Tracking of incidents is the next most important part of the framework. An incident-free regime is next to impossible. No number of security controls can ever lead to or guarantee zero incidents. If people tell you that they have nil security incidents in their organisations, it means that they are kidding you or themselves. Something may be fundamentally wrong in their definition of incidents and/or their incident management policies.

It is essential to develop and roll out a process to report and track incidents. The size of the potential or actual impact caused should determine the various escalation levels of reporting. Needless to say, all incidents reported must be tracked centrally, through a repository system.

It is essential to determine and understand whether any patterns or trends emerge out of the reported incidents. Trend analysis of incidents renders better information than incidents looked at in isolation. I am not ruling out the need to do a post-incident review in terms of lessons learnt individually, but my point is that taking a holistic view can render better information whilst we undertake any trend analysis.

The third component of this framework relates to the compliance status of the various control parameters chosen in terms of security. Whilst a number of controls may get implemented and rolled out as enunciated by the various policies and standards, it is important to classify the controls and segregate the most important ones amongst the various others. Not all controls may be measurable and not all of them may be subjected to measurement. Once the key controls are identified, it may be easier to seek the status of compliance for those key controls. Let us take the simple example of desktops or workstations. Whilst there can be a multitude of parameters against which standards can be set, it may work out to be a costly proposition in terms of time and efforts to measure the status of all parameters. So, key parameters such as domain membership (assuming the organisation is operating in a typical Windows environment) and antivirus precautions may alone be measured. Given that various controls are pushed through the central domain policy, a domain membership can, in general, mean that a lot of controls are in place, eliminating the need for doing any individual checks.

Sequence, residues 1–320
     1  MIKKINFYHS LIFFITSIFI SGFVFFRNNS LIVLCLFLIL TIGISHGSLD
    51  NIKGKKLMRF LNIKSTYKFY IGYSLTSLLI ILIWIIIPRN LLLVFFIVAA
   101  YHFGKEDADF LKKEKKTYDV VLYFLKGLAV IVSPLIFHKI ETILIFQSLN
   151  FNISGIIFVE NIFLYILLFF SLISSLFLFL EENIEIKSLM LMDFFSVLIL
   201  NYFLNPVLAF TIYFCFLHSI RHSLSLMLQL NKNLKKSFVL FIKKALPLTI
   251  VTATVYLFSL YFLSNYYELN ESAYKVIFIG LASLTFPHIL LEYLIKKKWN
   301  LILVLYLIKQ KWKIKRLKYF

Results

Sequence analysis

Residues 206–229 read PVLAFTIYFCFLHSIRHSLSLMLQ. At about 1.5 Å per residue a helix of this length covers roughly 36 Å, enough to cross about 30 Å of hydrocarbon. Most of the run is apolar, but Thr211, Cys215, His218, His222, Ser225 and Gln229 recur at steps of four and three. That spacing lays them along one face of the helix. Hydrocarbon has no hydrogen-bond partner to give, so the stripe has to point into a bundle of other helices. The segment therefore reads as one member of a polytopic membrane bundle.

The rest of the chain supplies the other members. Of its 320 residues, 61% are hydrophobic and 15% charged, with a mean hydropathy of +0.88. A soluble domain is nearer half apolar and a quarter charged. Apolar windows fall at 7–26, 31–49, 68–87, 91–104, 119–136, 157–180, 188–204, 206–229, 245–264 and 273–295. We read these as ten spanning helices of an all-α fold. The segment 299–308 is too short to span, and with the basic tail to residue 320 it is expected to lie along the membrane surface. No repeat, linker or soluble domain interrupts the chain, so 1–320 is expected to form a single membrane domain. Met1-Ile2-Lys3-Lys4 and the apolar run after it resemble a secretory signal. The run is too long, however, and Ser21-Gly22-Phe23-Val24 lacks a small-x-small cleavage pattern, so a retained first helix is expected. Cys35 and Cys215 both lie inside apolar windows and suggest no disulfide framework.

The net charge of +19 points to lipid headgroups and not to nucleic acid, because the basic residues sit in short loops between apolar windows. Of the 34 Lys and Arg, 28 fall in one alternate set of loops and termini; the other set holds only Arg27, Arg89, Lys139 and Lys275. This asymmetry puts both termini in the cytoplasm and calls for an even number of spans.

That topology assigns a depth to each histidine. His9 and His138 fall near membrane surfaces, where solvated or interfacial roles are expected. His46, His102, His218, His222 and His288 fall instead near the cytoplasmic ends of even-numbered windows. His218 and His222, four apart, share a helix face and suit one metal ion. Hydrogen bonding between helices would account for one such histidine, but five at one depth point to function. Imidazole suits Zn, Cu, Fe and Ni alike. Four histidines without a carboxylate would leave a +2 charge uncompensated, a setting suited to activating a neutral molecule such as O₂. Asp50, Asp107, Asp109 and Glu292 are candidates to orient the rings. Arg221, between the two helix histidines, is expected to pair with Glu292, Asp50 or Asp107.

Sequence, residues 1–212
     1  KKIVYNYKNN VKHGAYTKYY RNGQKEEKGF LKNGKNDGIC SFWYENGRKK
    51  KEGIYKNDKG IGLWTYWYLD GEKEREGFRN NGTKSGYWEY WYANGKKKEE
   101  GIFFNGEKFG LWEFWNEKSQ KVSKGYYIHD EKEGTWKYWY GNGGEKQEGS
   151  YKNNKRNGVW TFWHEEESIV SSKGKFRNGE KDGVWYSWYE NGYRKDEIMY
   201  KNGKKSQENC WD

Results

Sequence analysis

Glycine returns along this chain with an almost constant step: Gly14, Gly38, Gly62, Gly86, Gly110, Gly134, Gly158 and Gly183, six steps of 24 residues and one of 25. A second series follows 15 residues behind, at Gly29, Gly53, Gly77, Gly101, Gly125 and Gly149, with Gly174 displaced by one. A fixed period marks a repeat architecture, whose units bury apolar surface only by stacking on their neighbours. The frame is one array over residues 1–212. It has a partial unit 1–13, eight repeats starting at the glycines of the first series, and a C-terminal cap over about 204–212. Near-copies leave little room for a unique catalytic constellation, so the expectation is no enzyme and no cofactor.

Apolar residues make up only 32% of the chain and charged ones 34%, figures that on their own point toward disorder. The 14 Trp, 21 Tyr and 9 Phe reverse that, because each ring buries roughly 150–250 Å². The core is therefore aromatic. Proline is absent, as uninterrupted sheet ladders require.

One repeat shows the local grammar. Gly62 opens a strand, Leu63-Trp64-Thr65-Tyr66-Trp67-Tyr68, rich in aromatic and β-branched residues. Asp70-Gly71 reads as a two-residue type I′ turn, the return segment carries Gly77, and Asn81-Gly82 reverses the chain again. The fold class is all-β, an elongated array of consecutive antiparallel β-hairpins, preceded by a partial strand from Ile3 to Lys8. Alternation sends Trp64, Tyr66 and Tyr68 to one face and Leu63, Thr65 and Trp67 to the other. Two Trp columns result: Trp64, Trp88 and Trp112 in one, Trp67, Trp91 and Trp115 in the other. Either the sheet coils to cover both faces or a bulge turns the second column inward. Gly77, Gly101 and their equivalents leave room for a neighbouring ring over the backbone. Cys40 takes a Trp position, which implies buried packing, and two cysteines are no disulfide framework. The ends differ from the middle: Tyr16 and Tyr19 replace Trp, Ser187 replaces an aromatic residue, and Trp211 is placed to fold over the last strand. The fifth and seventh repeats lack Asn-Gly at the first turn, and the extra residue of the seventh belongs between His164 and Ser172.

The last component relates to the tracking of issues identified during the course of various internal and external audits. A culture in which people fear audits and feel that they may get penalised for adverse findings reported in audit reports is not going to help the organisation in the long run. Appearance and reporting of issues in any audits should never be construed as something linked to an individual’s performance in that area. Audits are there to identify and unearth issues given their independent perspective, and it is essential to track them to closure. People can be penalised for not closing the issues effectively or if the same issues recur again and again in audit reports.

Given the size and complexity of your small to medium-sized organisation, I do not envisage any other special requirements. Of course, you know your organisation better than anyone else and can best determine the right requirements.